ASB Auckland Marathon

Since the Chester Marathon the plan was to have a rest and I had booked a trip to New Zealand for some R&R.  Me being me I couldn't help to see whether there was any races and I stumbled across the Auckland Marathon which coincidentally is the largest marathon in New Zealand.  Upon contacting the organisers I was duly offered a free entry and that was that.  In my mind I knew it was a mad idea, but I could just trot round and enjoy it all for a change.

Since Chester the legs initially recovered well but a combination of jet lag, walking around 10 miles a day plus some runs in Queenstown that included around 6km of hills resulted in them feeling pretty dead.  In fact I was even thinking of pulling out; it felt like trying to hit a moving target at times by attempting to juggle recovery whilst keeping the legs moving.  As the days got closer I was contacted by the organisers who wanted to profile me as a 'contender' for the race.  Ok, so no backing out now as I was in the NZ Herald and any idea of taking it easy was also out of the window!

NZ Herald - Pre-race review.

The day before the race I collected my pack and was given a ferry ticket to get to the start which was across the harbour.  Realistically I knew 2.26 that I did in Chester was not on - how could it be with just three weeks of recovery, legs feeling in poor shape and eating lots of junk food?!

No pressure!

Somewhat bizarrely the race started at 6am.  Yes 6am!!  I have never blogged about my pre-race routine, but the early start brought some challenges.  I got up at 3am (remember this is my holiday) to have breakfast which consisted of 4 NZ equivalent of Weetabix which I pinched from the previous hotel's breakfast buffet, then half an hour later some yogurt with 4 sachets of honey (also pinched) and a cup of tea.  This is my standard fare for all marathons and in any shorter races then I just delete the yogurt.  Needless to say getting up at such an hour was not the most pleasurable experience I've had on holiday.  I then left the hotel at 4.15am to get the ferry to the start.  On the way I passed some drunken revelers, one of which was puking his guts out.  It did cross my mind who was the more stupid; the guy drinking to excess or me getting up at a stupid hour on my holiday to do a marathon that starts at 6am.  I somewhat suspect I was the bigger idiot.

Auckland from same ferry used to take me to the start of the race.

I got to the start around an hour before in the pitch black and just sat on a park bench for as long as possible.  At 6am we started and it was still pitch black.  Quite early on the other 6 elites ran together in a bunch and quite quickly I was dropping back.  Frankly it was more of a case that their pace was rather hot than me being slow.  After a couple of km like this I looked back and could see there was no one within 30 seconds of me.  It was either a case of run by myself or make the effort to stick with the lead group who were only 5 seconds or so ahead.  As I caught the group, two of them started to pull away and were beginning to establish a substantial lead.  There was a lot of chatter from within my group who felt that they were going for the $500 bonus for being the first person to lead over Auckland Harbour Bridge.  The group were confident that as they didn't know who the leaders were that they would eventually fall back to us later on in the race.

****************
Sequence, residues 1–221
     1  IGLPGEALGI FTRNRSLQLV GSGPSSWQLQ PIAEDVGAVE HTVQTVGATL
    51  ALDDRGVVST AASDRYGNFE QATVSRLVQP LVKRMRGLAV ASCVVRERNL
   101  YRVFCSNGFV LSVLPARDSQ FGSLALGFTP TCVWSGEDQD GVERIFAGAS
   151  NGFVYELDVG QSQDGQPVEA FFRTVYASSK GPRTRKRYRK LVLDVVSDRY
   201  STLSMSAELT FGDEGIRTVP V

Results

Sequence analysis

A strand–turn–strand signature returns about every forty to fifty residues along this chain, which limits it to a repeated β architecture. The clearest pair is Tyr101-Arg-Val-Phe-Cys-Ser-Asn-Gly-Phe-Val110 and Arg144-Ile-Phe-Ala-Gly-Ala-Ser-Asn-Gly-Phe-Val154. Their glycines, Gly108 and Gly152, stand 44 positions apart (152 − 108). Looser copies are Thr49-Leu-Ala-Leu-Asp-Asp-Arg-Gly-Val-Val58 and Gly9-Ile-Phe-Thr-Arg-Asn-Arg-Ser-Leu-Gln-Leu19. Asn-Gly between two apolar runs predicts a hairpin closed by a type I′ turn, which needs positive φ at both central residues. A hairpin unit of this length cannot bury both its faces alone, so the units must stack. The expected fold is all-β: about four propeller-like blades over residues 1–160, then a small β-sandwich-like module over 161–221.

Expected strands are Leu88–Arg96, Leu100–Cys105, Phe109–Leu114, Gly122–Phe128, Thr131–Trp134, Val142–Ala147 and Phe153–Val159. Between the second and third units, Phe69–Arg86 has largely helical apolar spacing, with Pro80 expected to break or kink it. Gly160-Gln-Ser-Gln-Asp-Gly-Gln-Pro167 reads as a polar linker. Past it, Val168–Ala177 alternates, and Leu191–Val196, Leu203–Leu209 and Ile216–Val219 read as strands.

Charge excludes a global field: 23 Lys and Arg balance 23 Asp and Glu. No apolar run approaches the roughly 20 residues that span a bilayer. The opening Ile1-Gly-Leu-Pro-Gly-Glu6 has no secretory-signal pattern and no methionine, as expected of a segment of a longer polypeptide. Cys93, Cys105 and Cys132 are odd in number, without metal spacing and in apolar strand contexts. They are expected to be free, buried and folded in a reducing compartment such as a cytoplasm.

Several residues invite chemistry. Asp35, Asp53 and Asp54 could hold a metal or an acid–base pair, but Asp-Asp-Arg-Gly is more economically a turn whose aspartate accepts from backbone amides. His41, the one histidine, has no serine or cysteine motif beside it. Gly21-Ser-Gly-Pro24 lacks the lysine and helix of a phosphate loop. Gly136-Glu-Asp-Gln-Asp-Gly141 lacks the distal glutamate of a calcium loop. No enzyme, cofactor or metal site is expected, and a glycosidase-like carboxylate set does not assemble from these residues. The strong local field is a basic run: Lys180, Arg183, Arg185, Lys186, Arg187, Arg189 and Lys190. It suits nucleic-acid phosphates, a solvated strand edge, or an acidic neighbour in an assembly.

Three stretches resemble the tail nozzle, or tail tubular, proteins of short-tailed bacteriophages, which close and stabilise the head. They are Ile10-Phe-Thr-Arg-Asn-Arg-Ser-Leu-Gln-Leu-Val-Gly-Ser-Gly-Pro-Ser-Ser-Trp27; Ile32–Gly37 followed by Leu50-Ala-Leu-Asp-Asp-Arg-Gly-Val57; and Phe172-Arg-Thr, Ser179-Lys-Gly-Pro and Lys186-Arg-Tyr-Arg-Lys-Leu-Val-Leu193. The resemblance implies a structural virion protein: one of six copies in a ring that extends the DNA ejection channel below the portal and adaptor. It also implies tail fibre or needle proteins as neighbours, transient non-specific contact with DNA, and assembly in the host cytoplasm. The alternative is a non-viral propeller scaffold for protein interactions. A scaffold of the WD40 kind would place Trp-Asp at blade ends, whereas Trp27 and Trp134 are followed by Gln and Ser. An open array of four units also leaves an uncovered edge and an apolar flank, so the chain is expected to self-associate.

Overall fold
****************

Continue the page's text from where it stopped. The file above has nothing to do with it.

The KM's came and went and the pace was still hot and we were on for about 2.24 overall which was particularly impressive considering the up and down nature of the course.  Over the next few km's one of the two leaders fell back into our group whilst the leader pulled further ahead at what seemed like a suicidal pace.  At about 8km in I was tempted to take the $500 (about £250) by leading over the bridge and then  just fall back to a jog.  I could easily have done this, but my wife talked me out of this pre-race as she thought it was a stupid idea.  However, I was now starting to feel that my legs were not all that great and whilst overall prizes were NZ$5,000, $2,500, $1,500, $1,000, $500, I thought there was a good chance I'd end up with nothing the way the race was panning out.  I agreed to stick with the original plan i.e. to race for as long as I was in a 'position' and then ease off the gas and enjoy the race when the time came.  Time would tell how wise my decision would be to not go for the Harbour Bridge prize.

Between 8-13km it was more of the same.  The leader was even further ahead, but our group was now down to 5 including myself.  Between 13-15km was the ascent of Auckland Harbour Bridge which was a fairly substantial climb.  Whilst I had missed the cash bonus I knew there were prizes for 'fastest ascent of the day'.  I therefore cheekily slipped to the back of our group as we passed the first timing mat and then made sure I was at the front of the group at the top of the bridge.  I knew our group would be going at a fast enough pace to be in contention so was just a case of whether someone else further back had saved their energy for this one climb.  It was a bit cheeky of me but it didn't cost any extra energy as I'm such a good climber.

Coming back down the bridge it all fell apart a bit.  Whilst I'm not ashamed to say I'm pretty good at ascending I'm equally terrible at descending and soon lost touch with the group who by this stage were down to 4 (including me), as we lost one person on the climb up.  I was also now starting to puff - things were not looking good.